Chancellor Philip Hammond has delivered his first Budget, pledging a £435 million relief package for firms affected by the increases in business rates.
This includes a £300m discretionary hardship fund for councils to use to help the firms worst hit by business rates increases.
The Chancellor (pictured) also announced that increases for businesses losing existing relief would be capped at £50 a month.
Reacting to the Budget speech, the British Retail Consortium (BRC) slammed the Chancellor’s attempts to soften the impact of business rates increases as ‘a drop in the ocean’.
BRC chief executive Helen Dickinson said: “We agree with the Chancellor that we need to have a business tax system that is fit for purpose in the 21st century. Any review needs to incorporate business tax in its entirety.
“We hope that the relief measures will help some of those businesses hardest hit by the revaluation, albeit only temporarily. However, more short-term relief measures continue to add complexity to an already impenetrable system. £435 million is a drop in the ocean compared with the £25 billion a year that the tax raises. This is yet another sticking plaster on a chronically ill patient – an unsustainable property tax, higher here than anywhere in the developed world.”
The new Budget will also make £270m available for new technologies, such as robots and driverless vehicles.
However, Mr Hammond revealed a clampdown on tax avoidance, totalling £820m, which will include action to stop businesses converting capital losses into trading losses, as well as tackling the abuse of foreign pension schemes and the introduction of UK VAT on roaming telecoms services outside the EU.
Alex Marsh, managing director at Close Brothers Retail Finance, claimed the new cap and discretionary relief through a local authority is a step in the right direction in supporting small- and medium-sized enterprises (SMEs), but said that more still needed to be done.
“With more than a quarter of all retail SMEs in the UK citing high business rates as a one of their biggest challenges in competing with larger retailers – a figure that jumps to 38 per cent among London-based retail SMEs – SMEs need to use all of the tools at their disposal to offset the cost of increases,” he said.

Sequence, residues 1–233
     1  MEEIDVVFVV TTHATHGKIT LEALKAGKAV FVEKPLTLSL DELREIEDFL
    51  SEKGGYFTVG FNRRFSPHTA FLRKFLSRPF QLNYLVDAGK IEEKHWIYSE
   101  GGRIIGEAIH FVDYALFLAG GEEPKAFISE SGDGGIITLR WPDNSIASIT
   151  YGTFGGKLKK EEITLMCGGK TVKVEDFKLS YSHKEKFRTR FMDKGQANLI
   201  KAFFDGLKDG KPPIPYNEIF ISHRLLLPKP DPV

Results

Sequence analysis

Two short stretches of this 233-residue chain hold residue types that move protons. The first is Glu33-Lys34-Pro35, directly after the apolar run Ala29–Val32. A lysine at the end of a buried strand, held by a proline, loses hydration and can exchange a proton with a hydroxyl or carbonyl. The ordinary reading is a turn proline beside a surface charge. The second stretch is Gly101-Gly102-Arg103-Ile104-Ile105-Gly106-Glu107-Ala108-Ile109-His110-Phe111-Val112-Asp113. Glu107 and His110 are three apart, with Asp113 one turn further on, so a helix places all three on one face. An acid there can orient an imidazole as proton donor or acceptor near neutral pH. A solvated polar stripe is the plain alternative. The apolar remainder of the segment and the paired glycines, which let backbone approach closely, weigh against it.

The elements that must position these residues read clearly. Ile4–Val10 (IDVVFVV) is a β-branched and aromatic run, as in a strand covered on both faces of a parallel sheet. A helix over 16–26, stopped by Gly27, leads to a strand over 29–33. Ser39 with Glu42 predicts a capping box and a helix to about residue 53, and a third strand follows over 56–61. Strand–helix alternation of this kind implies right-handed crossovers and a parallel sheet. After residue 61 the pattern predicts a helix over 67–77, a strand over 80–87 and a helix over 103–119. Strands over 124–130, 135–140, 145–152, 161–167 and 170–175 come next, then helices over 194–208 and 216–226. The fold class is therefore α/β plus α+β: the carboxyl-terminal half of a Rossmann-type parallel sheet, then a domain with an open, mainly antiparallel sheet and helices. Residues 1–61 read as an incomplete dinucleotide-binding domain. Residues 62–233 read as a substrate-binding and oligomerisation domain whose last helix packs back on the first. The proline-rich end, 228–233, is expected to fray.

“On top of business rate increases, inflation is creeping back up and is adding a further challenge for retailers. Using customer data to increase loyalty and better tailor products and services to consumer needs has never been so critical and UK retailers must respond to this if they want to survive, let alone thrive.”
Phil Mullis, head of retail and wholesale and partner at chartered accountants Wilkins Kennedy, added: “Business rates have been a sore point for a long time. The Chancellor has admitted that there is no appetite to abolish business rates, particularly when they make around £25bn for the Treasury every year. However, the Chancellor did say there is scope to review the revaluation process and consult on this before the next revaluation is due. Then again, saying is one thing, doing is another. There is still a long way to go.
“It was disappointing to see that there was absolutely no reference to how the Government plans to bring business rates in line with the discrepancy between those charged to bricks-and-mortar retailers and those to online. This is a major area in need of addressing, but first there needs to be an urgent overhaul throughout.”
David Jinks, head of consumer research at logistics specialist ParcelHero, agreed with the need to bring bricks-and-mortar and online business rates more in line to help create a more level playing field, and ultimately prevent the death of the high street.
“Our latest industry report, 2030: Death of the High Street, warns that the impact of e-commerce could mean our high streets reach a dead end by 2030, with nothing but nail bars and charity shops in some town centres,” said Mr Jinks. “The planned changes to business rates threaten many high-street retailers with significant rate rises just as they are battling to take on online retailers. The cap of £50 per month for this year for businesses coming out of small business rate relief is welcome. But what happens to those businesses in two years’ time?
“Some city centres are saying their business rates are rising by around 50 per cent while e-tailers such as Amazon may even see their rates fall on out-of-town distribution centres. More needs to be done to save the high street and look at the disparity of taxes and rates between online and brick-and-mortar retailers.”
In terms of the economy, Mr Hammond claimed that the UK had the second-fastest growing economy last year of all the G7 countries – USA, Canada, France, Germany, Italy and Japan.
Economic growth forecast for 2017 was upgraded from 1.4 per cent to two per cent. However, GDP was downgraded to 1.6 per cent, 1.7 per cent and 1.9 per cent in subsequent years, reaching two per cent in 2021-22.
Inflation is forecast to rise to 2.4 per cent in 2017-18, before falling to 2.3 per cent and two per cent in subsequent years.